Latest editor’s choice papers from the Journal of Polymer Science: Polymer Physics – available to download for free. Click on for the latest news in alkaline fuel cell membranes, roll-to-roll printed devices, polymers for electronics, and biomaterials, and go to www.polymerphysics.org to submit your paper for rapid review and publication with a broad, international audience for your work.
- “Anion exchange membranes derived from nafion precursor for the alkaline fuel cell”, by Yossef Elabd and colleagues
Alkaline fuel cells (AFCs) produce higher power densities at low temperatures compared to their proton counterparts, and can make use of cheaper catalysts. Elabd and colleagues synthesize anion exchange membranes (AEMs) for AFCs with high thermal stability. Crucially, unlike many other AEMs, the hydroxide conductivity is insensitive to drying and rehydrating the membrane.
- “Manufacture and demonstration of organic photovoltaic-powered electrochromic displays using roll coating methods and printable electrolytes”, by John Reynolds, Frederik Krebs and colleagues
Reynolds, Krebs and colleagues prepare electrochromic devices on flexible substrates using spray coating and slot-die coating methods. Excitingly, they demonstrate switching of the devices between bleached and colored state using printed organic photovoltaic devices as the power source.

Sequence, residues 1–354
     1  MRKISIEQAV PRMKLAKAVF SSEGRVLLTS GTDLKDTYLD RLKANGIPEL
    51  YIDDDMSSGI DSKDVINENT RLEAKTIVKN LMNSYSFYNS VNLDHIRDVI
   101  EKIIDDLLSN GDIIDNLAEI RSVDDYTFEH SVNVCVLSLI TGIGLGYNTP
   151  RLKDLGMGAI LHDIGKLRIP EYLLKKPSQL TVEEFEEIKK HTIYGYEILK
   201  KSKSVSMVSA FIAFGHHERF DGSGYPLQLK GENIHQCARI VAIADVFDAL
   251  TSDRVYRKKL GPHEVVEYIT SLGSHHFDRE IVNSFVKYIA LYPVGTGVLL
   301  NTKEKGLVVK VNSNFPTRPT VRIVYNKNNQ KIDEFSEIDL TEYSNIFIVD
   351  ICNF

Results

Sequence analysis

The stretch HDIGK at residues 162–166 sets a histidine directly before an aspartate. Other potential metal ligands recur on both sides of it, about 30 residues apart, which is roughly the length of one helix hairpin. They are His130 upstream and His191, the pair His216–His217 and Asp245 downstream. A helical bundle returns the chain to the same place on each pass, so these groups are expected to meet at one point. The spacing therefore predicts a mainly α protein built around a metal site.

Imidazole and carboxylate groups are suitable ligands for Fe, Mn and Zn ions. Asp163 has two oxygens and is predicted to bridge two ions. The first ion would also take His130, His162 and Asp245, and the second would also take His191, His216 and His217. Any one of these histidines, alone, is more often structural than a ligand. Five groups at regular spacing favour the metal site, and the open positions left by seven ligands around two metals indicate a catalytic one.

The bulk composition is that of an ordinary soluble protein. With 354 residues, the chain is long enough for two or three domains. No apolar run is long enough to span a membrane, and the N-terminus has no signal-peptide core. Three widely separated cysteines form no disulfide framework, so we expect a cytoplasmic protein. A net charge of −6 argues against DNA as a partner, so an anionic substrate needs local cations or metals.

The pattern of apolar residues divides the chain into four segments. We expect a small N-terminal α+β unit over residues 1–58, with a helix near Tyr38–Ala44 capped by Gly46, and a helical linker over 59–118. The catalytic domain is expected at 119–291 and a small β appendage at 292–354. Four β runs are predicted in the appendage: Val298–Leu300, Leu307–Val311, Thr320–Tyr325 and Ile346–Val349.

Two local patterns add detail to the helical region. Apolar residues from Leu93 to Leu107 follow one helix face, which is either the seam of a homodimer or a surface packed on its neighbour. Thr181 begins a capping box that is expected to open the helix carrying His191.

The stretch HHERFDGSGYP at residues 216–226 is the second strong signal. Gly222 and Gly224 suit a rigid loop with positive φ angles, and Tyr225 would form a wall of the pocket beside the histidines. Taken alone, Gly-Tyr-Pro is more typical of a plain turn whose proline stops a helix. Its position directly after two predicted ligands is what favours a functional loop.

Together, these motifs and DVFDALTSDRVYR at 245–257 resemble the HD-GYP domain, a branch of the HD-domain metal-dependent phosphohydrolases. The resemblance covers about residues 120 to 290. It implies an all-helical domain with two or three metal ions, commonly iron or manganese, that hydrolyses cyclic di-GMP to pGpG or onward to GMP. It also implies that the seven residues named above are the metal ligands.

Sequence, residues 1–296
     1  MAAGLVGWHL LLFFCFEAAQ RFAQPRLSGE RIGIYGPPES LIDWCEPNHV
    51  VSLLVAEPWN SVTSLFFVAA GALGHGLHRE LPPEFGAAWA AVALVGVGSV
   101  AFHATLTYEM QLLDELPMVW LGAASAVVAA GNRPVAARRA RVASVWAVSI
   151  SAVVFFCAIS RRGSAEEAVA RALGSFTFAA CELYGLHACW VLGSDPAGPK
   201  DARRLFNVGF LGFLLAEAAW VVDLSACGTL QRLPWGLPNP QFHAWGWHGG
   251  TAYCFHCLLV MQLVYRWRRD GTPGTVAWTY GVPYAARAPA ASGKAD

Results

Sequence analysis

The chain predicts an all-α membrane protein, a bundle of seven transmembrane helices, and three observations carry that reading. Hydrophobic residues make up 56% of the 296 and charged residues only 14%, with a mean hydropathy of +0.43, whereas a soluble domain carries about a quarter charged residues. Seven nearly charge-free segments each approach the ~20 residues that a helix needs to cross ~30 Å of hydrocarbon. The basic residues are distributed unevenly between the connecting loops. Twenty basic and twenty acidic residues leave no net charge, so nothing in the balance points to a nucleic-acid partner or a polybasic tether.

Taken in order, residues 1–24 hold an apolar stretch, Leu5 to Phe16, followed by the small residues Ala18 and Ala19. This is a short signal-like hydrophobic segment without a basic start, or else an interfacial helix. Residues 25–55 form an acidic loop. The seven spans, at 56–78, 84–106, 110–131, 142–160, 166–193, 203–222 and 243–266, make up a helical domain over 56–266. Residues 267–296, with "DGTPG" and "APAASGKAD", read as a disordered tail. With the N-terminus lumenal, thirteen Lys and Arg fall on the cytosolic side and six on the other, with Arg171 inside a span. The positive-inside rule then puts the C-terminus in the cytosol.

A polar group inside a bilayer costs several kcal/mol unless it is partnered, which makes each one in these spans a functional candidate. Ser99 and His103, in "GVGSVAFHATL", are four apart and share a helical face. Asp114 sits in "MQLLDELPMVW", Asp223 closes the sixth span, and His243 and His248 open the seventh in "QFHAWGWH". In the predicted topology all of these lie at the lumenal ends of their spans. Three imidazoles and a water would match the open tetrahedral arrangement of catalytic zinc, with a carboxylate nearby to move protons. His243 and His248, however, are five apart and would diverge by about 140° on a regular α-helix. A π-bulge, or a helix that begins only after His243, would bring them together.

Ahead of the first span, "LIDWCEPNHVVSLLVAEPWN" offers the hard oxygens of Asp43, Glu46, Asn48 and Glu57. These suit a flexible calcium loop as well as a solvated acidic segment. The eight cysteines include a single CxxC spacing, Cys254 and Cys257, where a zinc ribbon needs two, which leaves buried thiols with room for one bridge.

- “On the formation mechanism for electrically generated exciplexes in a carbazole–pyridine copolymer”, by Anna Köhler, David Beljonne and colleagues
Kohler, Beljonne and colleagues investigate exciplexes in carbazole-containing polymers, which are commonly used as hole-transporting host materials in organic electronics. The discrepancy between behavior shown during electrical and optical excitation is explained by the fact that the preferred precursor to the exciplex is a charged complex that only forms under device operation.
- “Fabrication of 3D electrospun structures from poly(lactide-co-glycolide acid)–nano-hydroxyapatite composites”, by Hani Naguib and colleagues
Naguib and colleagues use layers of electrospun meshes to make 3D composite scaffolds. The stacking and sintering method using pressurized gas produced scaffolds with open porosity of up to 70% and modulus of ∼20 MPa, and improved on the existing electrospinning technology by overcoming the challenges of depositing a thick, 3D structure.